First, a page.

Making Resolutions Stick in 2002
Dec. 4, 2001 -- Go from a size 16 to a size 4. Run a marathon. Quit smoking. Sound familiar?
Sure, some New Year's resolutions are far-fetched and may be unattainable, but many are well within grasp, and experts tell WebMD that making small changes can bring about big differences. After all, Rome wasn't built in a day. Here's how you can make sure that your 2002 resolutions stick.
Losing 10 pounds
While singer Carnie Wilson made headlines by having surgery to shrink her stomach and shed about 100 pounds, that's not the norm.
"Do it in small steps. Try to lose a pound or two per week, and at the end of the month, you can re-assess and see where you are in terms of your main goal," says Pamela Peeke, MD, author of Fight Fat After 40, and an assistant professor of medicine at University of Maryland School of Medicine in Baltimore. "I would be less worried about scale weight and more worried about size."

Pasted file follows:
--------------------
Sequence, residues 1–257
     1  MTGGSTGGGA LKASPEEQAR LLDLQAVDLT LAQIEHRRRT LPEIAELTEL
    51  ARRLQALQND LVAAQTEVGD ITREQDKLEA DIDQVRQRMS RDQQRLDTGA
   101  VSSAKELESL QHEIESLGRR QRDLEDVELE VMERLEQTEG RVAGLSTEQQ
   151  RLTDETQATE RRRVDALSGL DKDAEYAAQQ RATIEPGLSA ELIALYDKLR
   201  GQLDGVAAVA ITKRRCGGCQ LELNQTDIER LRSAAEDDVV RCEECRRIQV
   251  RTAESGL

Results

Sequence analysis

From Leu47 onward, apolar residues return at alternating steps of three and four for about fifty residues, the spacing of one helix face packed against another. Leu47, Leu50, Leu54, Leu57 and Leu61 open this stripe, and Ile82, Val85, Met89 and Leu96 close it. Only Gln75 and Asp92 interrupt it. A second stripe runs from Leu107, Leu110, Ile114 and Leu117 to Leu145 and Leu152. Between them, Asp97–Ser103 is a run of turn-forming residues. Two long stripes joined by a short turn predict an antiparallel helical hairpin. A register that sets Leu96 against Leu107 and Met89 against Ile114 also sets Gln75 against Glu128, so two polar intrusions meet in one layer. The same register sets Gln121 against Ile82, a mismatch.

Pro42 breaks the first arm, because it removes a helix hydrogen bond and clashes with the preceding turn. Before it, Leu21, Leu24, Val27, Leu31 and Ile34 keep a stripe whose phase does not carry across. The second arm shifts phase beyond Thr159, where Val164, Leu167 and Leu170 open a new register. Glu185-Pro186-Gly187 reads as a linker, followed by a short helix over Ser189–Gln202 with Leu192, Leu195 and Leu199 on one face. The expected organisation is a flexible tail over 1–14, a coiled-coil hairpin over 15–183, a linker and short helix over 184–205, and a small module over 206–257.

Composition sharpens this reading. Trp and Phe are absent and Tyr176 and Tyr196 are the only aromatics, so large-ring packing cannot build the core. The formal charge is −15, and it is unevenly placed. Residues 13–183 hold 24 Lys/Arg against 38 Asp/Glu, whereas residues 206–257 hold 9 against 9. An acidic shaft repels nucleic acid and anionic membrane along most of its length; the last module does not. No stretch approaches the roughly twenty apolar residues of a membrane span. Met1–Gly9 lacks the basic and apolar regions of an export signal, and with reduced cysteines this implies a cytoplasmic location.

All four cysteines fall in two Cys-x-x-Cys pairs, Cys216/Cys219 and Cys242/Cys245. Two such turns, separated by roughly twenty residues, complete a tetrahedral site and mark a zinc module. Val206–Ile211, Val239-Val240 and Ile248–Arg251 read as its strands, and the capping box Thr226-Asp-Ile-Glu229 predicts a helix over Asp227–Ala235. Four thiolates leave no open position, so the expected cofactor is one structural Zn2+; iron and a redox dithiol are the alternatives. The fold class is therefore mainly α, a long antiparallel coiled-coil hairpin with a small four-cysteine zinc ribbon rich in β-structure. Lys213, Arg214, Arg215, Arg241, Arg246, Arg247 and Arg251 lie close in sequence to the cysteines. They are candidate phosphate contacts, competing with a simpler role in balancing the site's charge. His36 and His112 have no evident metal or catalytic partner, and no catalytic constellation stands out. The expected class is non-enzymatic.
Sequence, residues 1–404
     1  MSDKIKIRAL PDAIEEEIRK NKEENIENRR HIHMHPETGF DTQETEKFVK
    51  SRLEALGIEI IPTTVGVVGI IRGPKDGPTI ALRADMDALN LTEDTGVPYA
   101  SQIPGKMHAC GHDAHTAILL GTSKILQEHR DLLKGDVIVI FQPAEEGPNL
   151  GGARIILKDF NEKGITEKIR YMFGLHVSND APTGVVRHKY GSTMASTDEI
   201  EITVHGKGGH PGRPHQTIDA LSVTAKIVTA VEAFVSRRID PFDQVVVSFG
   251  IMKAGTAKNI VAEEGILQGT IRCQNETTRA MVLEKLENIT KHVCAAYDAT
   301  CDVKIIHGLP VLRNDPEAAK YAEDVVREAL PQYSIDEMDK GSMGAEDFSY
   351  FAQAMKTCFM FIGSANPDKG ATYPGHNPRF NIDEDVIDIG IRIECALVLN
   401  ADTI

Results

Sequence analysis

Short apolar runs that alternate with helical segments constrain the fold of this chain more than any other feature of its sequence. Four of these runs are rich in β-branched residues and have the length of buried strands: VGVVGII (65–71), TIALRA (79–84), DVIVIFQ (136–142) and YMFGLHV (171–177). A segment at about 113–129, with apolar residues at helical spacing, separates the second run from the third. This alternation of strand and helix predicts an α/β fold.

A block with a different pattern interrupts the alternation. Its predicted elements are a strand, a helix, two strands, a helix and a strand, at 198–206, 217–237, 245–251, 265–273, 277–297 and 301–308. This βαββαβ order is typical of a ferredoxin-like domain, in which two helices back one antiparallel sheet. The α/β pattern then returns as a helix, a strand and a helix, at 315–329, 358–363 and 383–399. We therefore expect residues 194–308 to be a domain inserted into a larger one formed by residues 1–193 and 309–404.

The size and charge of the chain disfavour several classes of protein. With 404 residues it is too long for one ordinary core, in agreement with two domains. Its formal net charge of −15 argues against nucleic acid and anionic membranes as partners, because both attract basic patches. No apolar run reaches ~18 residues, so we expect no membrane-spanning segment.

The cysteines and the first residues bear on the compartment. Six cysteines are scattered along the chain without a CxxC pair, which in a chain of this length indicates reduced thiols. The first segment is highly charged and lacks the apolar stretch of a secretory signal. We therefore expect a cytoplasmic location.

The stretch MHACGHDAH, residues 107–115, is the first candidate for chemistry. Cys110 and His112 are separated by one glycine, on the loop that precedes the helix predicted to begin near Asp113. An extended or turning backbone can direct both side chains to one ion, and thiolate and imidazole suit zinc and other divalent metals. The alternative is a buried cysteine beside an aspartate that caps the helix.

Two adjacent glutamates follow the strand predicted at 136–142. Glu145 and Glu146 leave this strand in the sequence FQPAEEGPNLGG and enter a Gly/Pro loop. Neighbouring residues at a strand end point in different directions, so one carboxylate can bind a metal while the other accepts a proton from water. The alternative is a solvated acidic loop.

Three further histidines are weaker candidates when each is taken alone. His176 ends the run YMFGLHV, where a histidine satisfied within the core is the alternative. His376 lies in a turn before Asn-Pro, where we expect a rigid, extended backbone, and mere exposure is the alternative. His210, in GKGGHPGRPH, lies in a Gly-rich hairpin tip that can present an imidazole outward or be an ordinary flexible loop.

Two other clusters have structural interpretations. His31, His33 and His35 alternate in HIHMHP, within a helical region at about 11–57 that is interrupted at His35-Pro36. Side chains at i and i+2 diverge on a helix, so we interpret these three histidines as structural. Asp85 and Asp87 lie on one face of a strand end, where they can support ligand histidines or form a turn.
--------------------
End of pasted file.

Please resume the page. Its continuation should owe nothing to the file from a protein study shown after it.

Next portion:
Her tip is to use a "clothes-o-meter." Here's how: "Let's say you are a size 16 and you would like to be a comfortable 14 or 12. Put on a tight size 16 once a week. Stick it in front of your closet so you always see it. This keeps you focused," she tells WebMD. "Before you get on the scale, put the clothes-o-meter on; if it feels fabulous, who cares what the scale says?"
To drop weight, Peeke recommends that a person should "blow off starches -- not carbohydrates. Blow off bread, pasta, rice and potatoes after 5 PM; instead eat vegetables, protein and fruit and you will never see weight fly off of you faster.
"Limit starch to breakfast and lunch and in the mid-afternoon have a definite formal snack or mini-meal such as a cup of soup and a piece of fruit."
Peeke tells WebMD that exercise and eating healthy must be done together for a weight loss program to work "Never do one without the other."